A new study by FinanceBuzz examined the top 25 airports in the U.S. where passengers are most delayed. Not surprisingly, Chicago O’Hare International Airport topped the list. The report, which analyzed data from the U.S. Department of Transportation, including total passengers departing from each airport, the percentage of flights delayed, and the average length of the delay interpreted its findings in measures of years, verses hours, and found that in 2018 alone, delays at Chicago O’Hare International Airport amounted to 1,133 years lost.
In a deeper drill down, there were 33,152,904 passengers who departed from ORD last year. Some 25% of flights from the airport were delayed or cancelled so 25% of those 33 million passengers — or 8,288,226 million people — were affected by delays at just this one airport last year. The average delay at ORD was 71.85 minutes, making the collective time passengers were delayed 595,509,038 minutes or 1,133 years. Atlanta came next on the list with a collective delay time of 991 years.
Further findings revealed these delays were not about weather, which might be assumed. However, weather delays accounted for just 4 percent of delays. Infrastructure and operations were more often noted as the dominating cause of flight delays.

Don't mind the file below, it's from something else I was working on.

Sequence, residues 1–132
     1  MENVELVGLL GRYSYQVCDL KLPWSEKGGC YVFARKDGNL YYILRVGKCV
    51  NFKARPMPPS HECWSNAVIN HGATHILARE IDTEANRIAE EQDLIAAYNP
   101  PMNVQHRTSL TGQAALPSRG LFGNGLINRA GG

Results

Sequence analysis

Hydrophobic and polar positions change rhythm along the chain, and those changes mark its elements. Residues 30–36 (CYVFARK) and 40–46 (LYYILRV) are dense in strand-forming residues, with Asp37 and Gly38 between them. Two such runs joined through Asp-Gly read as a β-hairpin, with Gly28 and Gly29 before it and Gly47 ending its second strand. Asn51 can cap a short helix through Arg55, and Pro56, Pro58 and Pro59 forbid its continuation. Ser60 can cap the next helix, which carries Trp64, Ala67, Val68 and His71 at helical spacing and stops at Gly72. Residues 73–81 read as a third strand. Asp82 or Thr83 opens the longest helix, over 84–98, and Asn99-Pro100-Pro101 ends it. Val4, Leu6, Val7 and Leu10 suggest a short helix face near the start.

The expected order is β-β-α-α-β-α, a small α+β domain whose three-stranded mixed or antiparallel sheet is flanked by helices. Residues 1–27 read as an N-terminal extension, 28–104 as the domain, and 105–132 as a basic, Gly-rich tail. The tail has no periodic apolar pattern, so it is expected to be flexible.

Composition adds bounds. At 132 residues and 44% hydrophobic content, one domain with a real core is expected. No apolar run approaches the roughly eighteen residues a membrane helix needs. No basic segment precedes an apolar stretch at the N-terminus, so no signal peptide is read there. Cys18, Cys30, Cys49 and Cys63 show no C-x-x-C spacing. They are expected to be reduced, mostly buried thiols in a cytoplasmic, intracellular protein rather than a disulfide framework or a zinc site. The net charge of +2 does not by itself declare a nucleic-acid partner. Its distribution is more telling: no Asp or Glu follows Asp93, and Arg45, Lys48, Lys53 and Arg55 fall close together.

Carrier delays, where “the cause of the cancellation or delay was due to circumstances within the airline’s control (e.g. maintenance or crew problems, aircraft cleaning, baggage loading, fueling, etc.),” also account for a high percentage of delays across airports.
1. Chicago O’Hare International Airport (ORD) = 1,133 years
2. Hartsfield-Jackson Atlanta International Airport (ATL) = 991 years
3. Dallas/Fort Worth International Airport (DFW)= 872 years
4.Denver International Airport (DEN) = 792 years
5. San Francisco International Airport (SFO) = 654 years
6. Los Angeles International Airport (LAX) = 651 years
7. Orlando International Airport (MCO)= 617 years
8. Newark Liberty International Airport (EWR) = 601 years
9. Boston Logan International Airport (BOS) = 551 years
10. Charlotte Douglas International Airport (CLT) = 542 years
In a separate note, the U.S. Transportation Secretary Elaine L. Chao recently announced a $478 million infusion in airport infrastructure grants to 232 airports in 43 states. This is the fourth allotment of the total $3.18 billion in Federal Aviation Administration (FAA) Airport Improvement Program (AIP) funding for airports across the United States.
Selected projects include runway reconstruction and rehabilitation, construction of firefighting facilities, and the maintenance of taxiways, aprons, and terminals. The construction and equipment supported by this funding increase the airports’ safety, emergency response capabilities, and capacity, and could support further economic growth and development within each airport’s region.